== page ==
By: Noelle Indelicato
The Commodity Futures Trading Commission (CFTC) has ramped up Wall Street regulatory enforcement in 2012. The CFTC released its Enforcement Division’s annual results on October 5, 2012, stating that it imposed more than $585 million in sanctions in fiscal year 2012. Only $450 million in sanctions were imposed in fiscal year 2011. This increase is largely due to the $200 million fine the CFTC imposed on Barclays PLC for attempted manipulation of the London Interbank Offered Rate (LIBOR) and other benchmark interest rates. In fact, this is the CFTC’s largest fine ever.
The CFTC plans to continue this heightened enforcement, especially considering that the agency’s authority has been expanded under The Dodd-Frank Wall Street Reform and Consumer Protection Act. According to CFTC Chairman, Gary Gensler, “The Wall Street reform bill will – for the first time – bring comprehensive regulation to the swaps marketplace.” Thus, as the rules become effective, the CFTC will have greater authority to regulate the previously loosely regulated swaps market. However, the CFTC may face an uphill battle trying to use its expanded enforcement power.
Congress and Wall Street disapprove of the CFTC’s expansive regulatory authority demonstrated by their recent actions. Wall Street lobbyists and Republicans in Congress have collaboratively proposed the Fiscal Year 2013 Agriculture Appropriations Bill. This bill would reduce the CFTC’s funding by $25 million from 2012 to 2013, which counteracts the CFTC’s request for additional funding for fiscal year 2013. This would effectively deprive the CFTC of the appropriate resources it needs to regulate. With this bill, Congress intends to make it more difficult for the CFTC to implement rules regarding swap dealers, position limits, and the registration of commodity trading advisors.
The Dodd-Frank provision on speculative position limits has also been successfully challenged before Judge Robert Wilkins of the U.S. District Court in Washington D.C. as of September 28, 2012. The International Swaps and Derivatives Association (ISDA) and the Securities Industry and Financial Markets Association (SIFMA) on behalf of Goldman Sachs, JPMorgan, Barclays, Morgan Stanley and other commodity traders disputed the CFTC’s authority under Dodd-Frank to impose position limits intended to limit speculative commodities trading. The Plaintiffs challenged the rules in 17 C.F.R. § 151 that set position limits on futures, options, and swaps on twenty-eight commodities and ultimately won on a motion for summary judgment.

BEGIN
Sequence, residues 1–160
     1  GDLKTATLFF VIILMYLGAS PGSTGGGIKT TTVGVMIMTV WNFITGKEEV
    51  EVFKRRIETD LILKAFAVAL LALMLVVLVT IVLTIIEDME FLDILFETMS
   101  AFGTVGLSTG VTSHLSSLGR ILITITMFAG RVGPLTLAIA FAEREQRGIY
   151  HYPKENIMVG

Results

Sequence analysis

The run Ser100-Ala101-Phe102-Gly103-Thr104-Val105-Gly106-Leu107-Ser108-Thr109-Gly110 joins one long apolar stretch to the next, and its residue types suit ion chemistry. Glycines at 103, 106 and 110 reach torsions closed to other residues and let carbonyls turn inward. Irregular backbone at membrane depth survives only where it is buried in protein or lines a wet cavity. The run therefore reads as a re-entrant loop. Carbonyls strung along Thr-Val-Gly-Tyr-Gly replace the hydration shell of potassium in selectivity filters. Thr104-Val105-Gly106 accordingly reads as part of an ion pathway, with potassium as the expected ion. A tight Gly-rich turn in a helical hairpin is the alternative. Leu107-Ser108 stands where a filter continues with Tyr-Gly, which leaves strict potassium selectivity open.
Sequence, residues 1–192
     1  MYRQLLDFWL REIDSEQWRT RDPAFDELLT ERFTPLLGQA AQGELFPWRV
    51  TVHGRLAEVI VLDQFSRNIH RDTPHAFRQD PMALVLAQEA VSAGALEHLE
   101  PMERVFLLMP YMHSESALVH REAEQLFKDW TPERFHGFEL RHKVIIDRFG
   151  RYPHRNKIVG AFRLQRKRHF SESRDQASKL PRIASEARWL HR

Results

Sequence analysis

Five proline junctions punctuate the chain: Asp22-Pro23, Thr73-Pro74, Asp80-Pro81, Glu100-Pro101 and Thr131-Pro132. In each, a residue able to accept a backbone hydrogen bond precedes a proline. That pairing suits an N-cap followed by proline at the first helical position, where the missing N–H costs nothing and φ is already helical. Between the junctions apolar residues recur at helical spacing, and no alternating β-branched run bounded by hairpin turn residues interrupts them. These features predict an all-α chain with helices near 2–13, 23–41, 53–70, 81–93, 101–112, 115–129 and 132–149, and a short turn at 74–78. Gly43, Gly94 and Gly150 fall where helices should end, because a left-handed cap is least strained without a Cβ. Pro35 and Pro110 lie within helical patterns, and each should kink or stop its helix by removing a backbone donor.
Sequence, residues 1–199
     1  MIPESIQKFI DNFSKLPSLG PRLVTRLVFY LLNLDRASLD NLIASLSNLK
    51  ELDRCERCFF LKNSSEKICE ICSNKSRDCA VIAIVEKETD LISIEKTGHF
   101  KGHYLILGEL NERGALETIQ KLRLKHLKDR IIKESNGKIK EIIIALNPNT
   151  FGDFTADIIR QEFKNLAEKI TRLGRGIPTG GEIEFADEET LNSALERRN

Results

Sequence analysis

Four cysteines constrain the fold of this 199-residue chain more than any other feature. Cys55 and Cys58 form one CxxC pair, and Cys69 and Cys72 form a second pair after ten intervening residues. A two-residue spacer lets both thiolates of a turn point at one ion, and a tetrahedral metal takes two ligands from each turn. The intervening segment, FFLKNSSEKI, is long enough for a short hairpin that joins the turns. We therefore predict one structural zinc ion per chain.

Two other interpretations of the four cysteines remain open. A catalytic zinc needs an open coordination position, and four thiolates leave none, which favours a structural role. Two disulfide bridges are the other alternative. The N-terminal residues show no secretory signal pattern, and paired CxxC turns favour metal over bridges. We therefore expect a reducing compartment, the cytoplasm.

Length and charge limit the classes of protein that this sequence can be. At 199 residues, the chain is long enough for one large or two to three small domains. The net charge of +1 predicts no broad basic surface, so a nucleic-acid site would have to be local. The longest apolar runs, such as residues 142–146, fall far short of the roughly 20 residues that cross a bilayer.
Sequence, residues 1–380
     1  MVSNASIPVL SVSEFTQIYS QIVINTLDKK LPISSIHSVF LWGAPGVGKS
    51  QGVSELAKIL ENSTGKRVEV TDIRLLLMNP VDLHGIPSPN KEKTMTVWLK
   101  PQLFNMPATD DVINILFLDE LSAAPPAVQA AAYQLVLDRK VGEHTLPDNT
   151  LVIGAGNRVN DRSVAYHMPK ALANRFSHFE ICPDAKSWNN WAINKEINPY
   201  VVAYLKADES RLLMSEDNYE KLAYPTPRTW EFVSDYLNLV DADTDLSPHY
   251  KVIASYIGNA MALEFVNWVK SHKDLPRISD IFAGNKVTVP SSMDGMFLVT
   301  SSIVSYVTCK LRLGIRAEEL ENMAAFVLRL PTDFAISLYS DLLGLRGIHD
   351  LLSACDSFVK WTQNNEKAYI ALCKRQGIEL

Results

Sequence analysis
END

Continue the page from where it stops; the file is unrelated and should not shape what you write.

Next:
Position limit rules were intended to limit the number of derivatives contracts a trader could hold to protect consumers from speculative commodities trading, which has been known to inflate prices. Moreover, the new rules were meant to curb risky transactions that cause inflated prices and skewed valuations that can lead to financial crisis. The rules were set to become effective on October 12, 2012. Instead, the court has halted implementation by holding that the CFTC exceeded its authority by enforcing position limits that were not “‘necessary’ to diminish, prevent or eliminate excessive speculation.” Section 737 of Dodd-Frank states that regulators can enforce position limits only “as appropriate.” Judge Wilkins opined that the position limit rules were not properly justified by the agency.
The district court’s ruling diminishes the CFTC’s expanded authority to regulate under Dodd Frank. Thus the CFTC is expected to appeal this decision. Gary Gensler, Chairman of the CFTC, maintains, “it is critically important that these position limits be established as Congress required.” However, in light of Judge Wilkins’ holding, apparently what Congress intended is questionable. Consequently, Commissioner Bart Chilton has even proposed that the commission rewrite the rule for position limits to strengthen the agency’s justifications for its purpose and to ensure that the rule will withstand judicial scrutiny.
It will be interesting to see whether the CFTC is successfully able to appeal the district court holding or re-propose the position limits rules without further setbacks. The CFTC’s ability to continue to rev up its enforcement activity in the midst of a budget cut arguably depends upon how the agency responds to this judicial rebuke of its authority.